In coal mining, the horse has been the indispensable helper of man: without it, the slaughtered coal could never have been transported to the elevators which brought production to the surface. In his work Underground Life. Mines and miners (1867), Louis Simonin clearly demonstrated this role, and his commentary illustrates Bonhommé's wash very well: “The horses […] went down into the mine attached to the cable, either in nets or by straps. When this maneuver takes place, they do not make the slightest movement, numb with terror and as if dead. Once in the gallery, they gradually regain their senses. These intelligent beasts get used to their new job very quickly […]. They are cared for as useful servants. The stable is large, well ventilated, the bedding replaced often. Hay and oats, of excellent quality, line the racks at mealtime. The horses become fat and plump […]. Once they enter the mine they do not come out. They work there for years, and finish their lives in this useful service. They are, we can say, the personnel of the coal mine. ”But beware of a rise to the surface: the shock of light can instantly blind them.

In the sway of the minor (undoubtedly seized on the way up, before having taken his shower and put on his “civilian” clothes, hence the blackness of his face and the dirt) the fatigue of a body having worked for hours in the most uncomfortable positions, at the end of the galleries and in contact with the waist faces. The lamp that hangs at its side is just as loaded with meaning: even more than the peak intended to break the carboniferous rock, it symbolizes and sums up its existence shared between the background and the day. A Belgian miner's song says: “My lamp is my sun, all my days are nights. "It is as indispensable to him as the compass is to the sailor. At the time this Meunier painting was painted, it is a tight metal lattice safety lamp (invented by the English chemist Davy), which is no longer likely to trigger firedamp if the methane invades the galleries .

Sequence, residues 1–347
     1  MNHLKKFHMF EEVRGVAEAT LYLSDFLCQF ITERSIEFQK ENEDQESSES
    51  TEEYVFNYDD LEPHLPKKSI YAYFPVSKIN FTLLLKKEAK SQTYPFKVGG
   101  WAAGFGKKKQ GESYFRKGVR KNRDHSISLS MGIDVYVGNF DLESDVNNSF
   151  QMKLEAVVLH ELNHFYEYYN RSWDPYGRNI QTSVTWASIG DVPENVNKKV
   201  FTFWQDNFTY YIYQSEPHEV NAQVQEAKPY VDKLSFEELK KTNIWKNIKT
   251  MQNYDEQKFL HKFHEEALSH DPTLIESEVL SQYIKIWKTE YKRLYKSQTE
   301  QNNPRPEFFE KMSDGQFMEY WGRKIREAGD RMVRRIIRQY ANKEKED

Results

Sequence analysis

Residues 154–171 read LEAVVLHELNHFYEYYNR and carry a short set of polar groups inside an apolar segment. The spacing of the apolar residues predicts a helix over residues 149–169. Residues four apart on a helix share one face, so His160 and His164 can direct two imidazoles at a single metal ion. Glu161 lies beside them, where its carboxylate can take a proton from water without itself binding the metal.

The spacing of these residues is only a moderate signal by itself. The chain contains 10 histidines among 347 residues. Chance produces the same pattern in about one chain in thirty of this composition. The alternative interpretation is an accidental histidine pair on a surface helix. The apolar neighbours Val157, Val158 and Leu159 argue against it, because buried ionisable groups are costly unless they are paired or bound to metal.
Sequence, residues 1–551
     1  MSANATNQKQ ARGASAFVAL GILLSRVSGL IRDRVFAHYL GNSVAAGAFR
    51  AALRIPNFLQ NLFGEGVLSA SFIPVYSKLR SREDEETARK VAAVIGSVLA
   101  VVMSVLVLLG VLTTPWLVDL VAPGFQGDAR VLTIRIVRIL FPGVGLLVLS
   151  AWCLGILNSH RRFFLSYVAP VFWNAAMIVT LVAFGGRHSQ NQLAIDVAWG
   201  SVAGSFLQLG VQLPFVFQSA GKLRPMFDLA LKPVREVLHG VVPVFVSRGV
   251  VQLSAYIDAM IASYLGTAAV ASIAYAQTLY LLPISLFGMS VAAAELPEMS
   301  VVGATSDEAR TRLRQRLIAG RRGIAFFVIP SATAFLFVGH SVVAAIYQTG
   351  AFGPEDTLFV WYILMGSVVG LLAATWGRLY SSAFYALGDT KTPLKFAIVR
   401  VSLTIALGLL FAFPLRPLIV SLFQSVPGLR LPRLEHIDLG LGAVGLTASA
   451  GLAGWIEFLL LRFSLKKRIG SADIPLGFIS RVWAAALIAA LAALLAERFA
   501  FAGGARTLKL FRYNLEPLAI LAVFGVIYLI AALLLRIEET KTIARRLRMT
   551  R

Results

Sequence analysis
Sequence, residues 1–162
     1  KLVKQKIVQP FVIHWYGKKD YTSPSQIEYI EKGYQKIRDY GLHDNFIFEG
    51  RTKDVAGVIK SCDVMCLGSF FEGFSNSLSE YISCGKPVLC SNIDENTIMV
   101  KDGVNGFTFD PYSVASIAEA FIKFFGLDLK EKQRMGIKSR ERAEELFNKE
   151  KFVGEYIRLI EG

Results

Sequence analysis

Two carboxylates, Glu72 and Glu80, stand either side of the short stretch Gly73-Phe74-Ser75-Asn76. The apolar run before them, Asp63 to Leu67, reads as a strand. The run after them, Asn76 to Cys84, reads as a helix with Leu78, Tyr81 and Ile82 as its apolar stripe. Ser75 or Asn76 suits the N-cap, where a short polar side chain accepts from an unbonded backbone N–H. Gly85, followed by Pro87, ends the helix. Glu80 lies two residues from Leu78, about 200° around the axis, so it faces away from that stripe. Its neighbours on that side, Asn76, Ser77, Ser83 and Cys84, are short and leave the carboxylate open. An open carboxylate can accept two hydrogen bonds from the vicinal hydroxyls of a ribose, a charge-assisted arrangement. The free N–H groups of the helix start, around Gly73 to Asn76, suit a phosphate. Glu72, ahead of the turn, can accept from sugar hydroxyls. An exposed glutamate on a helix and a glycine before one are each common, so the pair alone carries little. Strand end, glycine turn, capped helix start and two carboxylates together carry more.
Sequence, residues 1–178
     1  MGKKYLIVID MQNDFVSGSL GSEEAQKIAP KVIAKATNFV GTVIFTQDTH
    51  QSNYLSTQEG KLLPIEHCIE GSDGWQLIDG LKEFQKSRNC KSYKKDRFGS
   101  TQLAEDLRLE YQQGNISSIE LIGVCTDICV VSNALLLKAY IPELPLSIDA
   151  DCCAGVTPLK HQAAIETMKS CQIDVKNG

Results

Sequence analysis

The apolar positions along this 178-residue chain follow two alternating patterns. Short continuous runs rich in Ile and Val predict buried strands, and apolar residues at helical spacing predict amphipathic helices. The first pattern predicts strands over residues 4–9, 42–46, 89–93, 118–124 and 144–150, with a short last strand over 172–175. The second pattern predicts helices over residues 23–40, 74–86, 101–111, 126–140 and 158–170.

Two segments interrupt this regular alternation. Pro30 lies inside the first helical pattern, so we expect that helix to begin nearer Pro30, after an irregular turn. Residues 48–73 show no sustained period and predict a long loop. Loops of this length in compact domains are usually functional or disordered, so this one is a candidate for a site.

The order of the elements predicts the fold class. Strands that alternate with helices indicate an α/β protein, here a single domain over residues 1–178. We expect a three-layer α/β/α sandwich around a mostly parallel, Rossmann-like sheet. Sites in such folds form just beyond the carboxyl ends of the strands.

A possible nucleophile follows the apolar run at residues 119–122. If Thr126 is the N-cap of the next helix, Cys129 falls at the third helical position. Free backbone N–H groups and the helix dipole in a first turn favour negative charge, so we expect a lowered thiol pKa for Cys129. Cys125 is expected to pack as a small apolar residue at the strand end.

Interpretation

These three representations of the life and landscape of the mine are of inestimable value and remarkable fidelity, especially in Bonhommé. With regard to the landscape, the value of the testimony is even exceptional since the closure of the exploitation by the coalmines of the basins of the Center and the Midi resulted, from 1993, the eradication of the landmarks of the life and work of generations previous (dynamiting of the headframes of the Darcy well in Montceau, August 1993). As for the horse and the miner, these two images of work in mines which are now abandoned and closed to access fully belong to the archeology of work in its most eminent graphic expressions. The representation of the miner contributed to the heroisation of this figure, arguably the most representative, of the working-class world, even beyond the Second World War.

  • mine
  • workers
  • industrial Revolution
  • steel industry

Bibliography

Jean-Pierre DAVIETThe Industrial Society in France (1814-1914)Paris, Seuil, collection "Points Histoire", 1997. Gérard NOIRIELWorkers in French society in the 19th centuryParis, Seuil, collection "Points Histoire", 1986.Louis-Laurent SIMONINUnderground life: the mine and the minerspresentation by Jean-Claude Beaune, Seyssel, Champvallon, 1982 Marcel SUTETMontceau-les-Mines, development of a mine - birth of a townpreface by Louis Bergeron, Roanne, Editions Horvath, 1981.Frédéric PILLETThe industrial mining heritage of the Blanzy basin, Montceau, Le CreusotDijon, Editions du Patrimoine-Editions Faton, 2000.

To cite this article

Maria-Thérésa PONTOIS, "Work in the mines"


Video: Digging for Hope: Inside an Ohio coal mine